How to build a home that's eco-friendly
Most people nowadays are far more aware of their impact on the environment than they once were; as a result, many are trying their best to lessen the negative effect their actions have on the planet. One way in which people are doing this is by taking a more eco-friendly approach to the house building process; building in a 'greener' manner not only helps the environment, but can also reduce homeowners' future energy bills. For those interested in building an eco-friendly property, here are a few suggestions which may help.
Use salvaged construction materials
Most home builders purchase new construction materials, without really considering the vast amount of energy that was needed to manufacture and transport them. If you're committed to building a 'green' home, then it's worth considering using recycled, rather than new building materials.
This is not as complicated as you might think; the construction and demolition of properties generates an enormous amount of waste products, much of which have the potential to be re-used. As such, there is a plentiful supply of items which you may be able to salvage and recycle. Search online for nearby warehouses selling off leftover construction goods. The most common items you're likely to come across include countertops, crown mouldings, roof shingles, insulation materials, hardware such as door hinges, drawer pulls and knobs, along with plumbing pipes, concrete and timber.
Adopting this approach will not only lessen the impact the construction process has on the environment, but may also save you quite a bit of money, as second-hand building materials are likely to be priced a lot more competitively than brand new ones.
Decide how you will conserve and generate energy
It is best to determine what your chosen energy generation and conservation methods will be before the house building process begins, rather than after it is finished, as installing energy-saving or boosting features retrospectively can be complicated and costly; it may mean you need to break through walls and roofing that you paid a great deal of money to have built and decorated.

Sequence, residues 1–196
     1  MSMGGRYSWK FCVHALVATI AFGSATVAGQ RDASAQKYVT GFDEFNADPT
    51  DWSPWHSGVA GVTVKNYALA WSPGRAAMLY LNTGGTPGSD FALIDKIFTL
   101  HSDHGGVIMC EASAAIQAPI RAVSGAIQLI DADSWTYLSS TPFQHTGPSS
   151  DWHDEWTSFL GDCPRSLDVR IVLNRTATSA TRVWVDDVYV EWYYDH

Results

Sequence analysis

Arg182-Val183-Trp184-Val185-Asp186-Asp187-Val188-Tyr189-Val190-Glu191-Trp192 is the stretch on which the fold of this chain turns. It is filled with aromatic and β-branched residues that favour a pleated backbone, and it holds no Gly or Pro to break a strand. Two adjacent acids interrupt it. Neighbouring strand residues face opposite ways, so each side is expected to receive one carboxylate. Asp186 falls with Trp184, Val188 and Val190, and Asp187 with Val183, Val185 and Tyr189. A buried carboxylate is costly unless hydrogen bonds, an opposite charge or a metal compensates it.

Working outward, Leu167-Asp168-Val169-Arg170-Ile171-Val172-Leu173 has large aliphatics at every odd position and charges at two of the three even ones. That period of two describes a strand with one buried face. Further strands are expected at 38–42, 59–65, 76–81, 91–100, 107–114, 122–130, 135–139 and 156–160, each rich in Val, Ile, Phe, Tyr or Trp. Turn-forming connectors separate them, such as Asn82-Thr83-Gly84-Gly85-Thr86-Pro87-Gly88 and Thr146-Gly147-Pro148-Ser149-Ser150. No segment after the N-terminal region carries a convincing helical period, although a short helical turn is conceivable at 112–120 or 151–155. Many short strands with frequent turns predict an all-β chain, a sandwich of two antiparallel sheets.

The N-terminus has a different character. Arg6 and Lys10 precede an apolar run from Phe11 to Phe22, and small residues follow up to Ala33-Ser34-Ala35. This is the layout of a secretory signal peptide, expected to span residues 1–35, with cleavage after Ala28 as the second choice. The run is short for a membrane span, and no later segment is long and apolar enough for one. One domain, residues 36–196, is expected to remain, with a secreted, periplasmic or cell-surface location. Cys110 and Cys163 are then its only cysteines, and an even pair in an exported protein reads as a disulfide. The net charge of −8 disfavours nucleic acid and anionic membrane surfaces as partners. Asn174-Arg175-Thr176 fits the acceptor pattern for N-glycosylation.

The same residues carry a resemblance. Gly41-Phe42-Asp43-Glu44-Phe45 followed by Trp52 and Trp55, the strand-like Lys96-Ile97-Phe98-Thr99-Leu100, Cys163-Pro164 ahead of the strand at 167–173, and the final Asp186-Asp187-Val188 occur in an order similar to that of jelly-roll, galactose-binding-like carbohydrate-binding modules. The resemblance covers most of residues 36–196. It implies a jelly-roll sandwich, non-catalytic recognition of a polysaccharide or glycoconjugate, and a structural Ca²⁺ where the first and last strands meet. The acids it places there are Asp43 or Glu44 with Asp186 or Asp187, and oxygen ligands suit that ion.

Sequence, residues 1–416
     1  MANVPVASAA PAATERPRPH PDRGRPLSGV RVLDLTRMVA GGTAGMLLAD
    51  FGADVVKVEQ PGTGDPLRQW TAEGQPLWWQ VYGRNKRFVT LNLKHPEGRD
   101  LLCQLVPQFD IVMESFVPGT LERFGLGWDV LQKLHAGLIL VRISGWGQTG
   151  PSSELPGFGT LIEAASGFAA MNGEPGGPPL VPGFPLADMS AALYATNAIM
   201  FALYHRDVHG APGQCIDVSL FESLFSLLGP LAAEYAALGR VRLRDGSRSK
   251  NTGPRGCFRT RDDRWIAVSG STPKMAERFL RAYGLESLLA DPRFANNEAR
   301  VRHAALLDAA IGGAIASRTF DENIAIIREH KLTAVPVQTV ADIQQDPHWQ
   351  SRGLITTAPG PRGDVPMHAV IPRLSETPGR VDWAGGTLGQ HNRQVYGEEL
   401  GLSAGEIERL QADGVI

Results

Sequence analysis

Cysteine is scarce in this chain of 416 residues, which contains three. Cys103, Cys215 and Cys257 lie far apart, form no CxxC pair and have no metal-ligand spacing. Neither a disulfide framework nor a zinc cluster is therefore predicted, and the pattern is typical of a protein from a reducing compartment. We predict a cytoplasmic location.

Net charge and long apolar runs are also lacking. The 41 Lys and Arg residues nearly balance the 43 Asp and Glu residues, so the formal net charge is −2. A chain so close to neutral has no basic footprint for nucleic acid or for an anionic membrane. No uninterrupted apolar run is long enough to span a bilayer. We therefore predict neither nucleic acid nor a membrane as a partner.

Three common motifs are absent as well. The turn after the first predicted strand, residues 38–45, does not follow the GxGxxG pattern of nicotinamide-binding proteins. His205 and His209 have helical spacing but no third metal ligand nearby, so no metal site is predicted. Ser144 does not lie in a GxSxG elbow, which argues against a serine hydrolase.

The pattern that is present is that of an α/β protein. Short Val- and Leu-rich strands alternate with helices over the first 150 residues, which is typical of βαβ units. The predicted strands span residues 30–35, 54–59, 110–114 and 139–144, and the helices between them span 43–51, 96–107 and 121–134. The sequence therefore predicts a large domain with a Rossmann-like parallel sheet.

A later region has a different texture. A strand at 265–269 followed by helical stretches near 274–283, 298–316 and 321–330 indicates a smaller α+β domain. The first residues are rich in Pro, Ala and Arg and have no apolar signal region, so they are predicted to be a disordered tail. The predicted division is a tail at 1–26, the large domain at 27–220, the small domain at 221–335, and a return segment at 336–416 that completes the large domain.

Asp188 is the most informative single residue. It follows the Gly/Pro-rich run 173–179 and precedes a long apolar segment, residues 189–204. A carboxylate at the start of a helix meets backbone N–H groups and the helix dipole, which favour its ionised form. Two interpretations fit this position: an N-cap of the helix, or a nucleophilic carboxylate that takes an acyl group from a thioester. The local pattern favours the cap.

Using natural insulation materials in the loft and wall cavities of your new home is one of the best ways to ensure the property retains its heat during the colder months and its cool air during the chillier seasons. There are plenty of biodegradable, renewable and non-toxic options available, all of which have a low environmental impact and are just as effective as their non-natural counterparts; examples include wood fibre, hemp and flax fibres, and sheep's wool.
To generate electricity in as 'green' a manner as possible, make use of solar power by installing solar panels on the roof of your new property. These panels work effectively in almost every climate, even on cloudy days, and so are fantastic for those who want an eco (and budget) friendly way to generate electricity for their homes. However, the initial outlay is fairly high; as such, many home builders opt for second-hand panels. Whilst this can be a good way to keep costs down, it's important that you assess used solar panels carefully before purchase, to ensure that you don't end up buying one with serious, irreparable issues. Common problems with second-hand panels include burnt bypass diodes, trapped condensation underneath the glass sections, or cracks; all of these issues are relatively simple to fix. However, avoid purchasing panels with broken connections, as these may be expensive and difficult to repair.